We made stereotaxic microinjections of adrenoceptor agonists and the catecholamine-releasing agent, tyramine, into the preoptic anterior hypothalamic area (PO/AHA) or the medial basal hypothalamus (MBH) of unstressed rats. Growth hormone (GH) plasma concentrations were measured serially before and after intrahypothalamic injections. Noradrenaline and phenylephrine inhibited GH secretion wherever injected but were effective at lower doses in the PO/AHA. Clonidine stimulated GH secretion at both sites, at several doses in the MBH and only at one dose in the PO/AHA. Tyramine inhibited GH when injected in the PO/AHA, but not in the MBH. We conclude: (a) α1 inhibition is predominant over α2 stimulation of GH on or near somatostatin neurons; (b) α2 stimulation predominates over α1 inhibition of GH on or near GRF neurons, and (c) endogenous catecholamines in the PO/AHA have a predominantly inhibitory effect on GH secretion.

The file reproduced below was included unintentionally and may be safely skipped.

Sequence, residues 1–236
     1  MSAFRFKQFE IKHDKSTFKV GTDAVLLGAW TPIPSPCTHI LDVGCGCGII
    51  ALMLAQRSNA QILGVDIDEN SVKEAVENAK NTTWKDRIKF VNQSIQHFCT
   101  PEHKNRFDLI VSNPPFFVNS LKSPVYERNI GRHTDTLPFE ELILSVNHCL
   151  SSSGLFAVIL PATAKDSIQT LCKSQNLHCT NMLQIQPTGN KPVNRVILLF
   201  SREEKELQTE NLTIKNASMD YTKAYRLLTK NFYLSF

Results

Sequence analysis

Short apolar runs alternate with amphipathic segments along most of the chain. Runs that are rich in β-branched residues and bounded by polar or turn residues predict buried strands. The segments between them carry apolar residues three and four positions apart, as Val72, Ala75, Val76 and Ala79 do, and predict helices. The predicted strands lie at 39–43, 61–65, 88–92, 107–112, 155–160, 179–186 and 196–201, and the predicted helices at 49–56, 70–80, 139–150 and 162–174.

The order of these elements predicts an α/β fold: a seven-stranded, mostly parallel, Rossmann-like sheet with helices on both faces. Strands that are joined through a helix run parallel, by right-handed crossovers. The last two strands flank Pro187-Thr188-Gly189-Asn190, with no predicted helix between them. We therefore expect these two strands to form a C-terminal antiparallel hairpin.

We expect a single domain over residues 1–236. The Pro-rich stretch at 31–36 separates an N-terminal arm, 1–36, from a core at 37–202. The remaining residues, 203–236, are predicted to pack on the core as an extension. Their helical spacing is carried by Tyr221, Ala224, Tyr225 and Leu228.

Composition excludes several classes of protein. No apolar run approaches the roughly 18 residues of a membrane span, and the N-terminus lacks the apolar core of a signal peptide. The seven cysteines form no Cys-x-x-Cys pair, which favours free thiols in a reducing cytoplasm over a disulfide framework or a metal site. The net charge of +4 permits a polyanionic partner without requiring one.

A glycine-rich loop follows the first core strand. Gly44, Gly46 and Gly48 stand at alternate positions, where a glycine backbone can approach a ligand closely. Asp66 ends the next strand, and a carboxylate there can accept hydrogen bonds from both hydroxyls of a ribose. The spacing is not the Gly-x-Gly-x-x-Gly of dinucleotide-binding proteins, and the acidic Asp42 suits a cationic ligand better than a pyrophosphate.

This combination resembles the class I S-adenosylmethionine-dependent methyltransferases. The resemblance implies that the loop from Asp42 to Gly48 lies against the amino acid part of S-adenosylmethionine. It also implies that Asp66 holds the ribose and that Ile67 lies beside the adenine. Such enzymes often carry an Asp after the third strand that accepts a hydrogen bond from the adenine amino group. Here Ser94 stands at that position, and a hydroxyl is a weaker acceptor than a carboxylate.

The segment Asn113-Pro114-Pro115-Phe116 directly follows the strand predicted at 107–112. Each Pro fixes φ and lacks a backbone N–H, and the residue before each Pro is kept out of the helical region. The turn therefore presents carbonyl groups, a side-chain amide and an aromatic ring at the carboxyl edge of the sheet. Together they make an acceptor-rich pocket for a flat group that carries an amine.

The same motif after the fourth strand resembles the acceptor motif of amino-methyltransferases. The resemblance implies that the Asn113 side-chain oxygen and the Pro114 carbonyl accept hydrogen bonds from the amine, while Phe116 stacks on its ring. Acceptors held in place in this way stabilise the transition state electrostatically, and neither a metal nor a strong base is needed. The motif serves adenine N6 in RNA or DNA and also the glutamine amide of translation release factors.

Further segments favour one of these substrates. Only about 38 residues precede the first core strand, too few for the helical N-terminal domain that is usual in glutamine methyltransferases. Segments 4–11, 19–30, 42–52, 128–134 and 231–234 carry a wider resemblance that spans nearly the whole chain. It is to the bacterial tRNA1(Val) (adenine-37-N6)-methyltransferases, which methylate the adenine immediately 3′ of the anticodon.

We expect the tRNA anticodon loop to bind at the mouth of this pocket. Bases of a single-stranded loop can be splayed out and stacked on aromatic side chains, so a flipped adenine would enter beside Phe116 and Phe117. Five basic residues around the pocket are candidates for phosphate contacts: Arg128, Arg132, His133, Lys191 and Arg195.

|Number of pages||6|
|Publication status||Published - 1993|
- Arcuate nucleus
- GH-releasing factor
- Growth hormone
- Preoptic area
- α- and ß-Adrenoceptor agonists